Evergreen’s complaint begins by establishing that when SPE borrowed money from PPM, the loan was subject to a security agreement that “granted a lien on ... all accounts.” Then it lays out the crux of the case: “On or about January 13, 2005, at a time when Stockton Pacific Enterprises, Inc., was insolvent, defendant Uhren directed Jiki Bertsch-Betts, the Controller for [SPE] to wire transfer $250,000 to Key Bank, Salt Lake City, Utah.... No explanation was given to Ms. Bertsch-Betts as to the purpose of the wire transfer ... and said account was not previously used, and had never been used, for purposes of payroll payments of [SPE].
“On January 20, 2005, Evergreen Pulp, Inc ... purchased the August 15, 2003 note and security payment from PPM pursuant to assignment which was approved by defendant Fleischer on behalf of [SPE].
“On or about that same day defendants Fleischer, Uhren and Lindgren made wire transfers into their private accounts from [the Key Bank account] as follows:
“Defendant Fleischer: $171,754.14
“Defendant Lindgren: $41,386.97
“Defendant Uhren: $28,474.87.
“The transfer of assets as alleged above lacked adequate consideration and was based on a conspiracy by defendants, and each of them, to defraud plaintiff herein.”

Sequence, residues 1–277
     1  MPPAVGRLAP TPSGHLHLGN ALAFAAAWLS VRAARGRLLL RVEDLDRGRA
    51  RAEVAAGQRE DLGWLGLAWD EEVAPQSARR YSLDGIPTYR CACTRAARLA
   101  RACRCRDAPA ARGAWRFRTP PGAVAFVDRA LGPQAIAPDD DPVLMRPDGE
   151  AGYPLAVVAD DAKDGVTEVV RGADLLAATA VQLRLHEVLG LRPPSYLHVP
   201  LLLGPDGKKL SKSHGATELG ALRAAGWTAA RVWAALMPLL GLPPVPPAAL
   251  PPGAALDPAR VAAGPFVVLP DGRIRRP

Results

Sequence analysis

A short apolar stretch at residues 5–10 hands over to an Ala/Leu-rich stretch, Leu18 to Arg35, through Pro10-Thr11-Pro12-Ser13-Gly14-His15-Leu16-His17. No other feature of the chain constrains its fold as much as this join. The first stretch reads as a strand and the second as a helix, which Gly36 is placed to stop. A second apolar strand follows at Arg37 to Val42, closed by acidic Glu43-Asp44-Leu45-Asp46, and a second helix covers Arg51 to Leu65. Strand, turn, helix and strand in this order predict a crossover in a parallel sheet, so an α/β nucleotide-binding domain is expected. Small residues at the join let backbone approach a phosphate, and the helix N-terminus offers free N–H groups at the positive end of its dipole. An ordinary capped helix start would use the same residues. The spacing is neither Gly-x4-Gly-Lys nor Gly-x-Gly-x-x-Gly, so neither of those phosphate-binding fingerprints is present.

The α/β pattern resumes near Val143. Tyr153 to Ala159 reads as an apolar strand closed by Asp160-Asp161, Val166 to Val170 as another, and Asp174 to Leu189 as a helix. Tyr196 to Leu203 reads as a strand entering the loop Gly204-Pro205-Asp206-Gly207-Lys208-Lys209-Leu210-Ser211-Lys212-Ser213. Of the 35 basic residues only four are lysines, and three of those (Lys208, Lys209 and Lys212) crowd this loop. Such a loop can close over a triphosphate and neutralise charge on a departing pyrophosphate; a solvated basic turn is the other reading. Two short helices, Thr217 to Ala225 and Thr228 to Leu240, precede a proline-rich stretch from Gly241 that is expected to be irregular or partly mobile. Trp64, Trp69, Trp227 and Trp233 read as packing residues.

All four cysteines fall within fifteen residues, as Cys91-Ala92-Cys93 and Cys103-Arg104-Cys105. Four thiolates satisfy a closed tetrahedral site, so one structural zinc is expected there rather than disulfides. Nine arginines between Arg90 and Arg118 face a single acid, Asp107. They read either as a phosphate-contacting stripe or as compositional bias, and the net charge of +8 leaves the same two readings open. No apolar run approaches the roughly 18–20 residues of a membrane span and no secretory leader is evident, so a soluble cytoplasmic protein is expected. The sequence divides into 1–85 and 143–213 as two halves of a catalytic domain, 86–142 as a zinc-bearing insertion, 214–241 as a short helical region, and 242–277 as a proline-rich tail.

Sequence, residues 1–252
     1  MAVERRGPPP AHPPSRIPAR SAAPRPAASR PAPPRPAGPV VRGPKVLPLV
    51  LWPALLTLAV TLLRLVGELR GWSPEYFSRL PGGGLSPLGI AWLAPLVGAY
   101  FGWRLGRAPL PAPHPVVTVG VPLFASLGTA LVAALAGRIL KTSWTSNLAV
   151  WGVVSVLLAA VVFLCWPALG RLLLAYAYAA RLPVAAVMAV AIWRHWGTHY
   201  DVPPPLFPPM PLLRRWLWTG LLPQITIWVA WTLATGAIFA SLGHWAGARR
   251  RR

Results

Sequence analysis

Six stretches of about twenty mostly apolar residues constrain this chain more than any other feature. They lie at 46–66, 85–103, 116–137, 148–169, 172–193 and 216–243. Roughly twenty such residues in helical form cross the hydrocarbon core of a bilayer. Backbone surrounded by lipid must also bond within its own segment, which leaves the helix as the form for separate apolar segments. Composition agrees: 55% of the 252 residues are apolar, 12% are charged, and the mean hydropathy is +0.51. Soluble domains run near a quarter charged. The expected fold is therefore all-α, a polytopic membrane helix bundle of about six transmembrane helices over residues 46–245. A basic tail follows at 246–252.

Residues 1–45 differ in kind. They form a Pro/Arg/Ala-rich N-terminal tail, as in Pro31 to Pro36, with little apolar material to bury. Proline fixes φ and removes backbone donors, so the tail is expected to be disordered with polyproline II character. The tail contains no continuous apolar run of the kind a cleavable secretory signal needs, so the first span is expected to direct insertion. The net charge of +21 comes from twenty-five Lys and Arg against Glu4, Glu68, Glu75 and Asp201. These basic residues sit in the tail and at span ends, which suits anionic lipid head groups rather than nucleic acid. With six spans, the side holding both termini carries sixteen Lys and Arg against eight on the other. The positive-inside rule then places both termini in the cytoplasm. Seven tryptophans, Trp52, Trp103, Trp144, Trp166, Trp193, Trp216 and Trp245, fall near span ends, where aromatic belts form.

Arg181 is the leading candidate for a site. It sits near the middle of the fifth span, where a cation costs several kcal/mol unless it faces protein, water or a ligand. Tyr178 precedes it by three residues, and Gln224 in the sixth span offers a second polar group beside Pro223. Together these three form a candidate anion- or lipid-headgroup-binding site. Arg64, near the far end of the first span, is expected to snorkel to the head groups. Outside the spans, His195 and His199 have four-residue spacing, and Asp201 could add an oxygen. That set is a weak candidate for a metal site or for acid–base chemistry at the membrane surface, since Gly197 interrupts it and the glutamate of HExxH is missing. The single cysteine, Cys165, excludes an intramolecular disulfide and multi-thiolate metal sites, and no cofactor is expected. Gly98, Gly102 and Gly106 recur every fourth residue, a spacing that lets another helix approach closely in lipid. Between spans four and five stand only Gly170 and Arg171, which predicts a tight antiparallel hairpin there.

Evergreen’s complaint asks for $350,000 in damages, plus payment of legal costs.
Attorney DeCaro, whose firm is in Evergreen, Colo., filed Fleischer’s and Uhren’s answers and cross-complaints. Both documents says that SPE mistakenly stated the time period in which Fleischer was CEO for SPE. Both defendants deny Evergreen’s main allegations — except, Uhren “admits that he directed Controller Jiki Bertsch-Betts to wire transfer $250,000 into [the SPE Key Bank account].”
In essence, their cross-complaints say that both had signed employment agreements with SPE, and that these contracts authorized “all payments made” to them in connection with their employment and consulting services — even under new ownership. They allege that Evergreen breached its duty “by failing to inspect the agreements, rights and responsibilities surrounding those employees,” that it “made false representations of material fact” to them regarding their employment and compensations and that it “had an obligation to pay” them “in accordance with” these agreements, but failed to.
Timothy Needham, the Eureka attorney representing Evergreen, said he couldn’t talk about the case until after the trial is over. DeCaro, who presumably still represents Uhren, likewise declined. Mark Norcross, Lindgren’s attorney, did not return phone calls. Nor did Uhren or Lindgren.